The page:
Sensor Data Expands Possibilities for Business Intelligence

Businesses collect data with sensors and scanners, utilizing self-service BI to analyze that data for insight.In the past to track a product from the warehouse to the customer, kept track by filling out forms on clipboards that were coupled with spotty end user records. Today those workers might hold a smartphone or tablet to do the job. By installing sensors, including cameras and RFID tags, that data might even get entered into a database automatically. Workers and managers can track everything on shelves and use self-service BI tools to draw insight from analysis of the data.

Sensors Gather Data at a Dizzying Rate

It wasn’t long ago that only banks and the government had the ability to store a terabyte of data. Now, most home computers built by enthusiasts have at least double that capacity. So what are we filling up all that storage space up with? Data.

There are new sources of data every day. Fitbits track the number of steps you take. Digital cameras take real time streaming images of just about everything. Nest keeps track of how warm or cool you like your home and will adjust for you on the fly.

Sensor Data Provides New BI Opportunities

Business intelligence is the process that makes data useful for a business. The great thing about BI is that the more data that there is, the more useful your BI platform can be. Why not start leveraging that sensor data for the good of the business?

On the corporate side, Disney set a $1 billion budget to put in place MyMagic+ at Disney World. With it every resort visitor can use a wearable band that keeps track of ride tickets, act as room keys and can even have meals charged to them. It even lets visitors buy souvenirs and anything else sold at the resort. That’s a lot of convenience for the visitor, but it allows Disney to collect a lot of data far in advance, and up to the minute. Disney can control park operations with this knowledge. Think of the data that Disney can leverage from being able to see where the visitors to the park are spending most of their time.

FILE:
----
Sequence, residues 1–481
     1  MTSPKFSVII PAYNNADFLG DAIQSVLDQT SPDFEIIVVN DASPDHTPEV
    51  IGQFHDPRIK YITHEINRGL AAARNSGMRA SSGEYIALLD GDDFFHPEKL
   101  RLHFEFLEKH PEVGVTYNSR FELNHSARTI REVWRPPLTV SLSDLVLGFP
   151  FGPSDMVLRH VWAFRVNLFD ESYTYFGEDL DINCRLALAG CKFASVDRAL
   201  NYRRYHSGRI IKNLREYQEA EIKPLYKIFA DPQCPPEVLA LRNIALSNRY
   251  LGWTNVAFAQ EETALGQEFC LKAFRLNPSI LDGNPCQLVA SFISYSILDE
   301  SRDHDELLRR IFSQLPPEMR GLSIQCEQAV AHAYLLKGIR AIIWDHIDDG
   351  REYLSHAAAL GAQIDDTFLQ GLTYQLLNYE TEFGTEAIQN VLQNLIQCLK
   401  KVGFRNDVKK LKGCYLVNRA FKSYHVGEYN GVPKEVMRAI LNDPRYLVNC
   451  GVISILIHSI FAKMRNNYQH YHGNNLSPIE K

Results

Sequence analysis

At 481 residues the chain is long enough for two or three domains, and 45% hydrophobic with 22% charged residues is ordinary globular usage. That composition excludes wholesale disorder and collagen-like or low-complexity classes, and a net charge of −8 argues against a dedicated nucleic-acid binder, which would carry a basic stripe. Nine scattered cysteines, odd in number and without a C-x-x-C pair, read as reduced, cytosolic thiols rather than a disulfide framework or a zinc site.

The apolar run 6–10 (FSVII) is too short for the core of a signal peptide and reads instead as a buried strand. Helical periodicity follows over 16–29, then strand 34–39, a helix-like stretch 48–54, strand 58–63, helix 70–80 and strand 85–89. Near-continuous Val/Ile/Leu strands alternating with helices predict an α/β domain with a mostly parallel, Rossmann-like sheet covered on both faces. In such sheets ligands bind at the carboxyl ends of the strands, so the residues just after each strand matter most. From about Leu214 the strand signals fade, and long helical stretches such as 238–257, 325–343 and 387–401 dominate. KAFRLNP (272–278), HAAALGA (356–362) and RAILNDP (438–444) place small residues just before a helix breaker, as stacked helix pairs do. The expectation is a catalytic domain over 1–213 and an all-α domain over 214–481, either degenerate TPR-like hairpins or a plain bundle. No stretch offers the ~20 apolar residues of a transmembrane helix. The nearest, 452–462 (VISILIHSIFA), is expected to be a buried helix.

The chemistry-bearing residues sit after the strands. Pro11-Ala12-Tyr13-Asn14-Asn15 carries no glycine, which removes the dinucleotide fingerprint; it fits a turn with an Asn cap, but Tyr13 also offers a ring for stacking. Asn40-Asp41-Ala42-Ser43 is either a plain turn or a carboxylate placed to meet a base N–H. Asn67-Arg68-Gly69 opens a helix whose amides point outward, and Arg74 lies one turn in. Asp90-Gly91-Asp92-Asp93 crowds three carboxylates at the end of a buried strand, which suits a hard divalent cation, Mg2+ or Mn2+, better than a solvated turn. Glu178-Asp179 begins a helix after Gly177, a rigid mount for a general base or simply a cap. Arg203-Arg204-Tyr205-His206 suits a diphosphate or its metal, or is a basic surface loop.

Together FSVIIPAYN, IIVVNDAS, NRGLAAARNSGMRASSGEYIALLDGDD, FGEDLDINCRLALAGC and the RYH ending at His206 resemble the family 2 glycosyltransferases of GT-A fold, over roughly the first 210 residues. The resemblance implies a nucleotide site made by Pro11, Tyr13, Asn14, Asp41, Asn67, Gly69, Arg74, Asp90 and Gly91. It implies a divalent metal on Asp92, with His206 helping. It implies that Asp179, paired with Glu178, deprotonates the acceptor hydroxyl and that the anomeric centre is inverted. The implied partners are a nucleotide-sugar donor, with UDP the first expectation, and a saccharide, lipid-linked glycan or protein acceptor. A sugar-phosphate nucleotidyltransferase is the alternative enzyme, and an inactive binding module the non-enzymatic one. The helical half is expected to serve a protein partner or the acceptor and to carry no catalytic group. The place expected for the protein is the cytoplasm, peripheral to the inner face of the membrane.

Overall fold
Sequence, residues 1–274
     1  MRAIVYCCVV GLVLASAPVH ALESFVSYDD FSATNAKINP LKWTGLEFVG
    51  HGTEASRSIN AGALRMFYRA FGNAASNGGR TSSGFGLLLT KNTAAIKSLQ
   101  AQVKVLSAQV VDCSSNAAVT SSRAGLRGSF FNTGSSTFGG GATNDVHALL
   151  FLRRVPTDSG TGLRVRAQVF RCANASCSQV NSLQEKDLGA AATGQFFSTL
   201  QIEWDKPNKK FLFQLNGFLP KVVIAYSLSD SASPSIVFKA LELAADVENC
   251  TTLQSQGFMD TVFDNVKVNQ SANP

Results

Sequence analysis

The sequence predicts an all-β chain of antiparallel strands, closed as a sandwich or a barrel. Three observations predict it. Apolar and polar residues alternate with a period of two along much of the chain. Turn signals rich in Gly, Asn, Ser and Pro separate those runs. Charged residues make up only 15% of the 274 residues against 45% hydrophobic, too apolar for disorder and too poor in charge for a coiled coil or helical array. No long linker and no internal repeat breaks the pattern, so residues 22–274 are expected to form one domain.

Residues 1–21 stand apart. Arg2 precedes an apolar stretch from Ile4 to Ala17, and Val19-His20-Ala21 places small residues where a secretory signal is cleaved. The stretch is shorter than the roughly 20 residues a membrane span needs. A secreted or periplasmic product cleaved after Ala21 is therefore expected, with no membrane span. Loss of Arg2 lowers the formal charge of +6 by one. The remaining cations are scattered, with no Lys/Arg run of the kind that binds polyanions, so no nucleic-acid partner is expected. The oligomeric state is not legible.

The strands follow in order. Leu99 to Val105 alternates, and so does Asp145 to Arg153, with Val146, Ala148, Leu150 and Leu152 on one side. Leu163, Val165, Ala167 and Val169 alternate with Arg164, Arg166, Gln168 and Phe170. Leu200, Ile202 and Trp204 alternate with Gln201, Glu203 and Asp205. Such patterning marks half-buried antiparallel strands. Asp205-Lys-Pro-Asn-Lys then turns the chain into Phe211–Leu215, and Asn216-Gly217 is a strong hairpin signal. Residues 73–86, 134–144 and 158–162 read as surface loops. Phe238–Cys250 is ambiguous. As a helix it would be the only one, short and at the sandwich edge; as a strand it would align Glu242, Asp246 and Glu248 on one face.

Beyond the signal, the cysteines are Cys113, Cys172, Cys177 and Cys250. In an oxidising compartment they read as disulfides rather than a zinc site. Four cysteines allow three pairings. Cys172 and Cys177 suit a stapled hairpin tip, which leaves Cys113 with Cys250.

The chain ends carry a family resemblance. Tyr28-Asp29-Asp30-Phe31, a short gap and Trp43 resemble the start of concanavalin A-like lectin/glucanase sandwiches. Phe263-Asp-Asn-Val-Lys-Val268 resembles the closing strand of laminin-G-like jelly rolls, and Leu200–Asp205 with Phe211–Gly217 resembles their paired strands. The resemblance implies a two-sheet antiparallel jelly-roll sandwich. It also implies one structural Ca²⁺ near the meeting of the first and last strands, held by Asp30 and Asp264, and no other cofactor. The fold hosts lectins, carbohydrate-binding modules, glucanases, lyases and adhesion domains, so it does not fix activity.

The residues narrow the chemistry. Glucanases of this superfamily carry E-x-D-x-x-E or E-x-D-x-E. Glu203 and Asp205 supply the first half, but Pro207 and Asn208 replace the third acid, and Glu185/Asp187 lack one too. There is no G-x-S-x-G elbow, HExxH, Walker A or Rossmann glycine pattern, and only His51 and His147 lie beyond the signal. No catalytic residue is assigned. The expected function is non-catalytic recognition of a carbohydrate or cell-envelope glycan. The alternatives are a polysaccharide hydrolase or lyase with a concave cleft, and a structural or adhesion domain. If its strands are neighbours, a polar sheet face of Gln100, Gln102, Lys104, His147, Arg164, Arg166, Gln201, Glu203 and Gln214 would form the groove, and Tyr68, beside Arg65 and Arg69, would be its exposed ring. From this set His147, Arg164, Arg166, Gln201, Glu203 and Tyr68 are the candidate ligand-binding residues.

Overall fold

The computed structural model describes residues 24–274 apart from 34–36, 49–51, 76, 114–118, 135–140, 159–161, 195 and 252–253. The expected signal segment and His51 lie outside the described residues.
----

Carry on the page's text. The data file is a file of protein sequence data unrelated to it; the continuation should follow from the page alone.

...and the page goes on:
Leveraging Sensors for Your Warehouse

What about keeping track of inventory real time? RFID sensors or real time barcode databases help warehouse managers track a company’s inventory. Everything from office supplies to your best selling products can be tracked. As they are taken off the shelves, that data gets put into the hands of an analyst who can resupply quickly before inventory levels get too low.

Sensors help track how long a certain item sits on the shelf before a sale. It may even be able to track the usage patterns of the people who buy it.

An Izenda customer’s application puts real-time data into a surgical team’s hands. The supply staff scans every item to make sure everything is available before the surgical team starts the procedure. The system tracks the surgical team’s orders for supplies, where those supplies are on the shelves when they pull them from the shelves and are sent to the operating room. Managers can track what supplies are available on a real-time basis.

A delay caused by a search for the correct inventory will keep as many as 12 medical professionals tied up for that time. It also delays any procedures scheduled for later in that OR, or with those hospital staff members. The impetus for the system, however, was safety.

Ed Burns wrote about industrial analytics, describing one company that has its entire business built on sensor data, with sensors installed in dumpsters to track how full they are. He explained how a health system monitors 17,000 computers to spot problems even before users do.

Leverage Your Sensor Data

Creative use of sensors can open up whole new data streams for your analysts to use. A good BI platform will be able to leverage this new data and publish it for end users to take advantage of real time. Sensor data can help making a decision easier and more accurate. It will be up to the organization to decide what data means the most to the business. Simply collecting sensor data won’t benefit the organization. Users still need to know what questions to ask.

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